The cannabis industry is constantly evolving, and that evolution is shaped by decisions from regulatory agencies and lawmakers in each state where cannabis is legalized. After every legislative session, regulators have the opportunity to update laws, rules and enforcement strategies for each state.
To make sure you are prepared, here is a short summary of the major regulatory changes that will most affect cannabis retailers and dispensaries starting in 2020.
For your convenience, feel free to jump ahead:
Federal Legislative Updates
The Secure and Fair Enforcement Banking Act (SAFE Act)
What is changing? The SAFE Act prohibits a federal banking regulator from penalizing banks and credit unions for providing services to licensed marijuana-related businesses. The SAFE Act was passed by the U.S. House of Representatives and is the first piece of federal stand-alone cannabis legislation to make it through Congress. If passed by the Republican-controlled U.S. Senate and signed by the President, it will become law.
What’s the impact? This legislation is ultimately designed to make financial services more accessible for legitimate cannabis businesses. Currently, financial services for cannabis-related businesses including loans, lines of credit and even simple checking accounts are severely limited. If passed, this bill would have a substantially positive impact on the cannabis industry as a whole, and eventually would change the status quo of being a cash-only industry.
The Marijuana Opportunity Reinvestment and Expungement Act (MORE Act)
What is changing? The MORE Act is designed to correct the historical injustices of the war on drugs that have disproportionately impacted communities of color and low-income communities. This legislation would decriminalize marijuana at the federal level, reassess marijuana convictions and invest in local communities. This bill has been passed in the House Judiciary Committee and will go to Congress next.
What’s the impact? This is the most comprehensive piece of cannabis legislation ever introduced at the federal level. The bill deschedules marijuana at the federal level, and provides a just and equitable roadmap for states to legalize. The MORE Act mandates that those most impacted by cannabis prohibition with criminal marijuana convictions be included in the newly legal industry. The bill also provides resentencing and expungement for those individuals convicted as well.
What is changing? California currently imposes a 15 percent excise tax on all arm’s length transactions, or transactions between manufacturers or cultivators and cannabis retailers that are independent of one another in licensing. The 15 percent tax is not calculated solely on the wholesale price, but the wholesale price plus a certain predetermined mark-up rate which has been set at 60 percent for all of 2019. The California Department of Tax and Fee Administration (CDTFA) is responsible for determining the cannabis mark-up rate every six months, based on an analysis of statewide market data. Effective January 1, 2020, the mark-up rate will be set at 80 percent. For more information about California cannabis taxes, check out our Quick Guide for Retailers.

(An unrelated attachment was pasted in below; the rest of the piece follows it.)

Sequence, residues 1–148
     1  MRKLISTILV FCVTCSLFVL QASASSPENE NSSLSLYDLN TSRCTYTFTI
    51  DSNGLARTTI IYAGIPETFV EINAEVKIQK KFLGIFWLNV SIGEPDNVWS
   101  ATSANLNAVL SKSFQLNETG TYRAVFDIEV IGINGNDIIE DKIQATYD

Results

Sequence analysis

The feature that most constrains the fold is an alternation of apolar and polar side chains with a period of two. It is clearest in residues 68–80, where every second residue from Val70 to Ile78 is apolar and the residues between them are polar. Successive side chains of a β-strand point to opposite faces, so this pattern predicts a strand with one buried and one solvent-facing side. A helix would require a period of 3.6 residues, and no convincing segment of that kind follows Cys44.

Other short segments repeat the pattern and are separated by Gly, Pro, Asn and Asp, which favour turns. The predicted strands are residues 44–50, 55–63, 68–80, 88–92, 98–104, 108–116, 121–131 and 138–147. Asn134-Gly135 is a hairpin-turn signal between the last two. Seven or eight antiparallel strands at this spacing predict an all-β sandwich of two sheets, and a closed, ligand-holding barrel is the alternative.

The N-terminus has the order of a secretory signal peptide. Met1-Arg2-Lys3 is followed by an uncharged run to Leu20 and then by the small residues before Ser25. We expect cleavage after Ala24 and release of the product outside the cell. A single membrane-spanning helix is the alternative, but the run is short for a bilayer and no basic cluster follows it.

What’s the impact? The California legal cannabis market faces stiff competition from a thriving black market, as the discrepancy for prices between for legal cannabis products and illegal products is drastic due to high state taxes. The CDTFA has been criticized for making the situation worse by raising the cannabis taxes even more. Only time will tell if this tax will further strengthen the California cannabis black market, as predicted.
What is changing? Assembly Bill Number 37 will allow cannabis businesses to deduct expenses from their taxable income. California regulatory agencies have so far followed Section 280E of the federal tax code, which currently prevents cannabis businesses from deducting expenses from their taxable income. This newly passed bill will supersede that federal tax policy.
What’s the impact? This bill is designed to lower tax rates for California cannabis businesses, and introduces a more fair taxation policy. Businesses cultivating, manufacturing and selling marijuana will now be able to claim their yearly expenses on their taxes, like any other legal business or industry. This new legislation will be active for 5 years, starting in 2020.
What is changing? Assembly Bill Number 34, also known as the “The Dennis Peron and Brownie Mary Compassionate Care Act” allows licensed cannabis retailers to donate cannabis to medical patients who have difficulty accessing it through compassionate care programs.
What’s the impact? According to the Author, Scott Wiener, representing the 11th district; "[This bill] would help veterans and low-income people who are very sick access medicine by allowing compassionate care programs to partner with existing retailers to facilitate the donation of medical cannabis or cannabis products on their licensed [premises]. It also codifies the existing Bureau of Cannabis [Control] regulations that permit retailers to donate cannabis and cannabis products to medical patients. SB 34 would also exempt all donations of cannabis to valid medical patients from the use and cultivation taxes as we don't tax any other medicine in California."